James Edward Austen-Leigh began writing the Memoir on 30 March 1869 and finished it five months later in September. It was published on 16 December 1869 (though dated 1870) in an edition of about 1,000 copies. In 1871, Austen-Leigh published a second edition, which contained additional letters, family papers, and biographical material. He also included fragments of unfinished and unpublished Jane Austen manuscripts, namely a chapter Austen deleted from Persuasion and extracts from Sanditon as well as Lady Susan and The Watsons.
Used as a frontispiece for the Memoir was a portrait of Jane Austen drawn by James Andrews of Maidenhead. Based on a "slight watercolour sketch" made by Cassandra around 1810, Andrews produced a professional portrait that served as a model for a steel engraving. As Sutherland notes, "its difference from Cassandra's original is evident to the most cursory glance. Her crude pencil and watercolour likeness is sharp-faced, pursed-lipped, unsmiling, scornful even, and withdrawn; in its Victorian refashioning, the face is softer, its expression more pliant, and the eyes only pensively averted." Andrews paid great attention to the details of Austen's dress and the chair. Cassy Esten, who owned the original sketch, wrote of the portrait: "I think the portrait is very much superior to any thing that could have been expected from the sketch it was taken from.—It is a very pleasing, sweet face,—tho’, I confess, to not thinking it much like the original;—but that, the public will not be able to detect."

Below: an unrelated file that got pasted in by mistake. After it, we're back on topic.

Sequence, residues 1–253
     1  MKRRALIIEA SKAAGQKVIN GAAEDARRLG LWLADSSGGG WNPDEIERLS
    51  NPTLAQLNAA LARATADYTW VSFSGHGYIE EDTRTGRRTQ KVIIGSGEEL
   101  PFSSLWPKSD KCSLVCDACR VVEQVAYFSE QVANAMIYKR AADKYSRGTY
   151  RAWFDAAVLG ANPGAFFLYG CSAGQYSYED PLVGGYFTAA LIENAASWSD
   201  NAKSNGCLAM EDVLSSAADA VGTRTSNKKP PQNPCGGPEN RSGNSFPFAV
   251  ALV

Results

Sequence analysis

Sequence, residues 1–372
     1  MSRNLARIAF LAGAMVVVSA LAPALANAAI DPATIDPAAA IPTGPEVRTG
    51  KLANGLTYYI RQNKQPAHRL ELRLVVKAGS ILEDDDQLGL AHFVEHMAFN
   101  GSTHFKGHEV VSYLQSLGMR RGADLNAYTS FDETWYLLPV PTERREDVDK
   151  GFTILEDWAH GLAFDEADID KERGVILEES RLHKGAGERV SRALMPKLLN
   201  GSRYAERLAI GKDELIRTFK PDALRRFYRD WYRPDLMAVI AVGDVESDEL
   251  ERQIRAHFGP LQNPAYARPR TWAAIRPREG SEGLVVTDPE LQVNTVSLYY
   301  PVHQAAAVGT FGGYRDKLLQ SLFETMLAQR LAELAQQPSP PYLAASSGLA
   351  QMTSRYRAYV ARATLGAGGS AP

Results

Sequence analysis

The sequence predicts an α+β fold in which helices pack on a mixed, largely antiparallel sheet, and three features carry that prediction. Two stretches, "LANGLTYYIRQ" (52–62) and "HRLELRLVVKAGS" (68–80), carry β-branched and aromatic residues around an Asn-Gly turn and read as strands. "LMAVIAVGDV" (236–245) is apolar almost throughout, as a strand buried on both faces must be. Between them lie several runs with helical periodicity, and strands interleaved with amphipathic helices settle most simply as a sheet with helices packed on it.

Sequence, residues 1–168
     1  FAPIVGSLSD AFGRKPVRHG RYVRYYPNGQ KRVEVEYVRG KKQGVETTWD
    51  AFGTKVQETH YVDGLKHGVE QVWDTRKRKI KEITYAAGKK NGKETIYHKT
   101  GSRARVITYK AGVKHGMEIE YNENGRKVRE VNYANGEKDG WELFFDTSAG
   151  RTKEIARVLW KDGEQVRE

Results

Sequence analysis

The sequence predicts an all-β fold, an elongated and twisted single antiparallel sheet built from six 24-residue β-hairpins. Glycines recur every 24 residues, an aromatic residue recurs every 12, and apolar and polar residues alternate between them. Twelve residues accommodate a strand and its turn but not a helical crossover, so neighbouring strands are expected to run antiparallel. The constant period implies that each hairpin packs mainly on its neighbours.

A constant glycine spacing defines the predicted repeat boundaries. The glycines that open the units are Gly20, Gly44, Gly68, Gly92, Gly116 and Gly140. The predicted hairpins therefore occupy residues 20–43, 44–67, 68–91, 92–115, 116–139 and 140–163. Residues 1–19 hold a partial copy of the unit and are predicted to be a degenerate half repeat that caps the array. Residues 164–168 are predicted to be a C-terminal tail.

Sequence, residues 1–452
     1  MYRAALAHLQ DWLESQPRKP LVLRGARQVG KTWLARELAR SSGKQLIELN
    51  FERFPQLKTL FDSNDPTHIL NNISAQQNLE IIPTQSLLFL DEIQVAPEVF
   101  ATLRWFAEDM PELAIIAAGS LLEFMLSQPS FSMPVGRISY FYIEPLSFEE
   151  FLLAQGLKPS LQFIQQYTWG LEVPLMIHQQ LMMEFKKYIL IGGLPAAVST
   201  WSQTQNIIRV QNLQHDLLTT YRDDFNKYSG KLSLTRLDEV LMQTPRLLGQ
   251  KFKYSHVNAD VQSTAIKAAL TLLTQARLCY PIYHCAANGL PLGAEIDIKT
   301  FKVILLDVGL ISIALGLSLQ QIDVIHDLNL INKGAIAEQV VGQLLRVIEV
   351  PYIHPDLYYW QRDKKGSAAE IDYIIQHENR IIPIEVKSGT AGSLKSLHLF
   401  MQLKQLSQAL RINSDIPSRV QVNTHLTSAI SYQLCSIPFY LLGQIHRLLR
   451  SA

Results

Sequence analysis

Read more about this topic: A Memoir Of Jane Austen
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Famous quotes containing the word publication:
“Of all human events, perhaps, the publication of a first volume of verses is the most insignificant; but though a matter of no moment to the world, it is still of some concern to the author.”
—Herman Melville (18191891)
“I would rather have as my patron a host of anonymous citizens digging into their own pockets for the price of a book or a magazine than a small body of enlightened and responsible men administering public funds. I would rather chance my personal vision of truth striking home here and there in the chaos of publication that exists than attempt to filter it through a few sets of official, honorably public-spirited scruples.”
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“An action is the perfection and publication of thought. A right action seems to fill the eye, and to be related to all nature.”
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